Salience – people buy whatever grabs their attention, so use POS displays at the start of their in-store journey
Priming – bring certain ideas to mind with subtle cues, like having fresh flowers at the entrance to a supermarket to prime the idea that all the products are fresh.
“Human interaction is also good as it will get people to like the store more (a heuristic called liking),” says Fagan.
Build lasting relationships with attention-grabbing in-store experiences
Many retailers still tend to place in-store experiences in the nice-to-have basket, yet for many modern consumers, in-store experiences play a huge part in the decision to visit your store or to shop online – perhaps even through a competitor.
That’s why leading retailers are investing in creative in-store experiences, such as the new Samsung KX space in London’s King’s Cross, which has VR driving stations, a digital graffiti wall, a digital cockpit showcasing Samsung’s latest smart technology for car interiors, as well as personalized collages and 3D figurines, an AR messaging tree and a wide of events and workshops.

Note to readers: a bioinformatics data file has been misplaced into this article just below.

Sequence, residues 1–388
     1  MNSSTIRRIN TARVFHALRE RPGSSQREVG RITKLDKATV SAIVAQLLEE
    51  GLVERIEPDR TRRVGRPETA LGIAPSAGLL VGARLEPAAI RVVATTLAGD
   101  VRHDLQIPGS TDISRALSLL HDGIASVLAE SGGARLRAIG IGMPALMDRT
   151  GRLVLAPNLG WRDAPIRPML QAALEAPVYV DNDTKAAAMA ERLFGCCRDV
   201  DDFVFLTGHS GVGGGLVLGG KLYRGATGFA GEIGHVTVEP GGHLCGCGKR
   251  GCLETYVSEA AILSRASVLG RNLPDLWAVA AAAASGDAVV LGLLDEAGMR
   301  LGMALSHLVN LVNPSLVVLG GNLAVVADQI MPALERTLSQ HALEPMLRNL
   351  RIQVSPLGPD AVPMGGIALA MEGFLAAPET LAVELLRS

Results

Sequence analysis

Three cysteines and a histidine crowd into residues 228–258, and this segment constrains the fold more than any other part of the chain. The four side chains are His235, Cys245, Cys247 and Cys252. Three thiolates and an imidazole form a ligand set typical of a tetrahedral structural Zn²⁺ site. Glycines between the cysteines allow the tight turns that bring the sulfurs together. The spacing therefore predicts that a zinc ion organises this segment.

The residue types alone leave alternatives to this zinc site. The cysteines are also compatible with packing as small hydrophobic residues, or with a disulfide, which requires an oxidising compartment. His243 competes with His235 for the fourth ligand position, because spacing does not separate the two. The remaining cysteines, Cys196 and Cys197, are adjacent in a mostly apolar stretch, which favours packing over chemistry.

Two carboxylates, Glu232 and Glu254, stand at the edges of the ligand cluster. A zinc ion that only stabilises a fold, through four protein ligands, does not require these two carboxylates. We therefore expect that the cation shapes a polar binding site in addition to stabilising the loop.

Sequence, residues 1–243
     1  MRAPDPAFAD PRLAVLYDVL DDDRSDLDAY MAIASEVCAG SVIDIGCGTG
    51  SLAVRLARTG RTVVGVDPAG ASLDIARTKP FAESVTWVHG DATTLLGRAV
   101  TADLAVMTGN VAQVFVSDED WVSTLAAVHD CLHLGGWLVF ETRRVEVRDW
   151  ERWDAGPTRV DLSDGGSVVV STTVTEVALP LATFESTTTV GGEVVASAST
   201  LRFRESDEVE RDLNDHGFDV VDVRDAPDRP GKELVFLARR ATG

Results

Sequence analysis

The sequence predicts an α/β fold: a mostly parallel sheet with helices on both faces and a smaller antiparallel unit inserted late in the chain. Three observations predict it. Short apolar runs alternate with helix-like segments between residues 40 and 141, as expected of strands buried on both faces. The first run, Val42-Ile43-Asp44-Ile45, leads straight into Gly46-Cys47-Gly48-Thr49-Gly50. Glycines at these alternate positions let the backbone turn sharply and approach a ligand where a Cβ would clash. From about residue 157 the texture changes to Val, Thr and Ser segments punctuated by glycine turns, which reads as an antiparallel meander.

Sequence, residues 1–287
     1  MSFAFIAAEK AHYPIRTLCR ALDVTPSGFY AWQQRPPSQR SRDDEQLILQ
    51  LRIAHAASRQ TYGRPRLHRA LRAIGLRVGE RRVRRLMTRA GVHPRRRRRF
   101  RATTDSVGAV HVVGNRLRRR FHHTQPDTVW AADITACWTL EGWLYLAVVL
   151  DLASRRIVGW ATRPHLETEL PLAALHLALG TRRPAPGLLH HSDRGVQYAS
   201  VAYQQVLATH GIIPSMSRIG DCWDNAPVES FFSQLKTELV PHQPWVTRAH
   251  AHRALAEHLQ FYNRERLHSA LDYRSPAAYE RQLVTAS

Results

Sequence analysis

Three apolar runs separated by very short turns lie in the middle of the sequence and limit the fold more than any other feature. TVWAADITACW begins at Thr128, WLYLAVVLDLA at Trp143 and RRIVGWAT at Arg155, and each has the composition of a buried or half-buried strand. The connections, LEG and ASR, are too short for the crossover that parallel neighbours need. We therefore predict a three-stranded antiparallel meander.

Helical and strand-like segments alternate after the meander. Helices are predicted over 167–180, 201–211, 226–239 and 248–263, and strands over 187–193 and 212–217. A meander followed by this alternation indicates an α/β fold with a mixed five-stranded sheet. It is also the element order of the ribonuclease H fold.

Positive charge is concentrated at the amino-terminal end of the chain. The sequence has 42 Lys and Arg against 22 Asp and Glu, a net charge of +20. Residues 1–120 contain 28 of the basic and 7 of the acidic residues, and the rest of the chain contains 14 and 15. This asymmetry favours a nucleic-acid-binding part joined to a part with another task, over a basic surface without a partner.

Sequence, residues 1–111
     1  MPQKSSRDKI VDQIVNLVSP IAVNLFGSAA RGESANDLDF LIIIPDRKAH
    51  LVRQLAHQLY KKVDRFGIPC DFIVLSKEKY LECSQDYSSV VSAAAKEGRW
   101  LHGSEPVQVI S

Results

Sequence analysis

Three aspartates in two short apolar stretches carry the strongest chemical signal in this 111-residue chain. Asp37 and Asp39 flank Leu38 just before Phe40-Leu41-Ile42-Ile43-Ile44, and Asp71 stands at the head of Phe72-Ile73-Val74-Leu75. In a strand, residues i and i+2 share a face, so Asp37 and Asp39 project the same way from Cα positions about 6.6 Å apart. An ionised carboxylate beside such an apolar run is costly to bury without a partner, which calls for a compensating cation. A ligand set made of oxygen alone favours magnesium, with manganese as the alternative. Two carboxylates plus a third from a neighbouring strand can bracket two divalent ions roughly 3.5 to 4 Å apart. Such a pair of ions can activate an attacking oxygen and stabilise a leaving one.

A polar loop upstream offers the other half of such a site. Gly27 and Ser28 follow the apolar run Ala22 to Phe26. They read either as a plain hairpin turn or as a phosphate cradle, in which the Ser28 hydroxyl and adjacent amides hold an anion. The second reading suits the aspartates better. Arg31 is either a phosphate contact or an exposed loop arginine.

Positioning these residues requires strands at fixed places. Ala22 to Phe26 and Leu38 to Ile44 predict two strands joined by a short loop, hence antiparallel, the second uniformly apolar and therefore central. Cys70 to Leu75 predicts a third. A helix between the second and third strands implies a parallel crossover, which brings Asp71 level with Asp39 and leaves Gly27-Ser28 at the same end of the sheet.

The electronics retailer and manufacturer is using Qudini’s queuing system, appointment booking software and event management software to power these experiences in-store by creating a seamless, engaging and tech-driven experience.
“In-store experiences can nudge sales along,” says Fagan, “but they can also create “flashbulb memories” of brands, forming emotional connections and impressions, which drive future behaviours.”
“For example, if you always went to birthday parties in McDonald’s as a child, that will build memories of McDonald’s as a fun, loving, social place.”
Retailers need to be smarter about how they target consumers, says Fagan, and that means getting to grips with the basics of behavioral science.
“To nudge purchases and influence impressions through both online and offline channels, retailers need to use behavioral science more. When I talk to retailers, I am always surprised by how little behavioral science is being used in-store.”